by Franz Bardon
There are two basic philosophies of religion: the first is the relative and the second is the absolute or universal. From the beginning of humankind to the present day, all those religions which belong to the relative philosophy of religion have gone through their initial stages, have reached their peaks and, during the course of the ages, have come to their end. Each relative religion has its own founder. I refrain from citing all the systems of relative religion; anyone who has studied religious philosophy will have become acquainted with a number of religious systems of the relative type. They are all subject to the same law of transitoriness, regardless of whether they have lasted for hundreds or thousands of years. The length of time a religion may exist always depends upon its founders and teachers. The more universal laws a religion contains, the more universal truth it represents and preaches, the longer it lasts.
Its existence will be shorter the more one-sided, fanatical, dictatorial, and authoritarian its doctrines are. However, each religious system has thus far had its good purposes and its special mission. Each has always contained certain partial aspects, however concealed, of a portion of universal truth and lawfulness, whether symbolically or as an abstract idea.
A true adept will see in each relative religion, regardless of the historical era in which it may have existed, fragments of some basic ideas that had their origin in the universal religion and which point to universal law. Therefore, the adept appreciates each religion equally, without paying any attention to whether it is a religion of the past or whether it still exists today or whether it will exist in the future, because he is aware of the fact that each religious system has followers whose maturity suits that of the religion.
From the Hermetic point of view, even materialism is a kind of religious system, one who representatives may believe in God but not in anything supernatural, and who adhere only to that of which they are able to convince themselves – in other words, to them it is matter which prevails. Since the initiate knows that matter is the symbolic representation of the divine appearance reflected in the laws of nature, he will not judge anyone who believes merely in matter. The more mature a man has become during the course of his incarnations and evolution, the closer will he come to the universal laws, and the more deeply will he be able to penetrate into them, until finally no relative religious concept will satisfy him. A person like this has become mature for the universal religion and is capable of approaching the universal laws in the microcosm and the macrocosm.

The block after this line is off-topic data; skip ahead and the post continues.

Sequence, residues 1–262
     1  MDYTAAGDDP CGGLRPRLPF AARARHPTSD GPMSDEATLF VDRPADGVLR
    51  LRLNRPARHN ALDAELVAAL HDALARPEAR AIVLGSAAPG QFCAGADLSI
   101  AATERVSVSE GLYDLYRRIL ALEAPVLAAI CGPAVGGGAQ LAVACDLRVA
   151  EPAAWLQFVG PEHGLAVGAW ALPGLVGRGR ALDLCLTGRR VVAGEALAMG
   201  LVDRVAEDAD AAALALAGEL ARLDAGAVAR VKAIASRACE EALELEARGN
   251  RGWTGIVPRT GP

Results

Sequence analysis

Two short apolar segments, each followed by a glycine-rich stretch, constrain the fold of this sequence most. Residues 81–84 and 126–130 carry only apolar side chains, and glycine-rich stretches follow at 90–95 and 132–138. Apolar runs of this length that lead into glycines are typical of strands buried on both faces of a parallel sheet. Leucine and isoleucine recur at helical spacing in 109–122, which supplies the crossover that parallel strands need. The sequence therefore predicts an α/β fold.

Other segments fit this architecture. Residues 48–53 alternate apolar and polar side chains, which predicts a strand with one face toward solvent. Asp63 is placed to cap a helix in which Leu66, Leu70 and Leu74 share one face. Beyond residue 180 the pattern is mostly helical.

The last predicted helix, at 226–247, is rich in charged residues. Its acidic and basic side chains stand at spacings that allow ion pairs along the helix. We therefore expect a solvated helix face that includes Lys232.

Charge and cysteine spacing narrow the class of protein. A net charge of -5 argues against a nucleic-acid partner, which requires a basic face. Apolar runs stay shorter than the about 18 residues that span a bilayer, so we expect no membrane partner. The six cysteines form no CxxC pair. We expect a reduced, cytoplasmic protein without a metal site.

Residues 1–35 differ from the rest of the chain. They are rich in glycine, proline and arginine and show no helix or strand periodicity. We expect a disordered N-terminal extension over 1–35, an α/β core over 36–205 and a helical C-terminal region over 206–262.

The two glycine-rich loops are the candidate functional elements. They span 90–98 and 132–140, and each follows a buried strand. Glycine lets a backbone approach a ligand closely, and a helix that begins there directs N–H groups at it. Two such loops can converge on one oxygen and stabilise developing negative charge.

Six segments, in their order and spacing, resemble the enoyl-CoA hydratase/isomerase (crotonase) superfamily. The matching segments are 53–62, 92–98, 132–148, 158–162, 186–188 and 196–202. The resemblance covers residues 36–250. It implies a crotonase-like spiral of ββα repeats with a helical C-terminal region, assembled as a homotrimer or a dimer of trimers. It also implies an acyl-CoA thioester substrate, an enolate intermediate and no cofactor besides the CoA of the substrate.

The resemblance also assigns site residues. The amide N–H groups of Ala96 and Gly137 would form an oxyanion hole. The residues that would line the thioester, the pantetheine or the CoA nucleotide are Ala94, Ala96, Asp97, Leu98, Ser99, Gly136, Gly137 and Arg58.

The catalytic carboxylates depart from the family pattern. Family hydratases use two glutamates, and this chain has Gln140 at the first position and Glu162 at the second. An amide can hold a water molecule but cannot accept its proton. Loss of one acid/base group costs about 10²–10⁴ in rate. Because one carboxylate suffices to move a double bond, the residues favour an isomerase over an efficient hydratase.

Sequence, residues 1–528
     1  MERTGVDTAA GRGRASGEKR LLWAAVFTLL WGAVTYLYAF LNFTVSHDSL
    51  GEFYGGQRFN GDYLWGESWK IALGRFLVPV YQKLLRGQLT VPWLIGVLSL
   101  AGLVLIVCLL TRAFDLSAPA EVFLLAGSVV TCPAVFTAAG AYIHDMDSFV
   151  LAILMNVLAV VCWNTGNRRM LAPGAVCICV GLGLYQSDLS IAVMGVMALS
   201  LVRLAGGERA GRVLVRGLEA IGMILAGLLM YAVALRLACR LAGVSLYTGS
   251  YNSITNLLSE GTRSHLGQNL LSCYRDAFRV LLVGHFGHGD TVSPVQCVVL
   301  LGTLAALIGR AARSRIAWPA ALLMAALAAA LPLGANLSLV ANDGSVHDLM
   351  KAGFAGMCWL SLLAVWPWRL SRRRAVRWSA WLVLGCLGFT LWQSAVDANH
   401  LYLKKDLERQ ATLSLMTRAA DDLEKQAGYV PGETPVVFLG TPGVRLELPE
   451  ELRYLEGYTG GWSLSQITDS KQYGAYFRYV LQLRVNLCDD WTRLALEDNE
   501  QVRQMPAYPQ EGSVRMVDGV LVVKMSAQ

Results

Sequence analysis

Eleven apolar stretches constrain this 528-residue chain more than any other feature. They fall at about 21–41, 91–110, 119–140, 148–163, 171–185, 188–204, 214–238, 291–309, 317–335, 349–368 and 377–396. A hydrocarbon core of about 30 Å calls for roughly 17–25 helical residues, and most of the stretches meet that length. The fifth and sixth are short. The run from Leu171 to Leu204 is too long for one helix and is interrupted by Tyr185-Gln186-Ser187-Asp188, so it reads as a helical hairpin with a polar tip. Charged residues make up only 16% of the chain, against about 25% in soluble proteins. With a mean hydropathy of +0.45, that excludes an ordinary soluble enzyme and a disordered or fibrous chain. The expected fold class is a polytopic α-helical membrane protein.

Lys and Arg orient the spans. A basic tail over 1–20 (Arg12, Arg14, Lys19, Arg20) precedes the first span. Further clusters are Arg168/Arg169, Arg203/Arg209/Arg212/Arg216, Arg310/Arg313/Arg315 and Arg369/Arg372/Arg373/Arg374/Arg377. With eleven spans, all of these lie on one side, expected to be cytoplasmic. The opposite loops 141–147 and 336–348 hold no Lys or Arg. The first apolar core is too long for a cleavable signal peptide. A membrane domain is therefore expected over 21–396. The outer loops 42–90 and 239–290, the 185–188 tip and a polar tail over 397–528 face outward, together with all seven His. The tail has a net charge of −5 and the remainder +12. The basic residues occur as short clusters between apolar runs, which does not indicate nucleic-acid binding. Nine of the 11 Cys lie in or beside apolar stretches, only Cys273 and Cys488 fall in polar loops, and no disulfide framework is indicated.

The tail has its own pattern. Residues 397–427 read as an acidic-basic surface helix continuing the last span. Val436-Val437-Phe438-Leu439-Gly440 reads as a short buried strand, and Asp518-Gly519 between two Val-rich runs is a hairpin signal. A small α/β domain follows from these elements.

This is to say that any religion that does not represent the universal laws completely is relative and transitory. The universal laws have been unchangeable from the beginning of the world and will continue thus until the end.
The mature Hermetic may officially belong to any religion, depending on whether he really wants to do so and whether he considers it preferable in his dealings with people – perhaps to avoid drawing the attention of immature individuals to himself. However, in the innermost of his spirit and his entire being he will profess the universal religion, by which the universal lawfulness is to be understood. An initiate does not believe anything unless he can convince himself of its validity; neither does he believe in any personified divinity nor any kind of idol. Rather, he worships the universal law and harmony in all forms of existence. These few words should suffice to demonstrate the difference between relative and absolute philosophies of religion.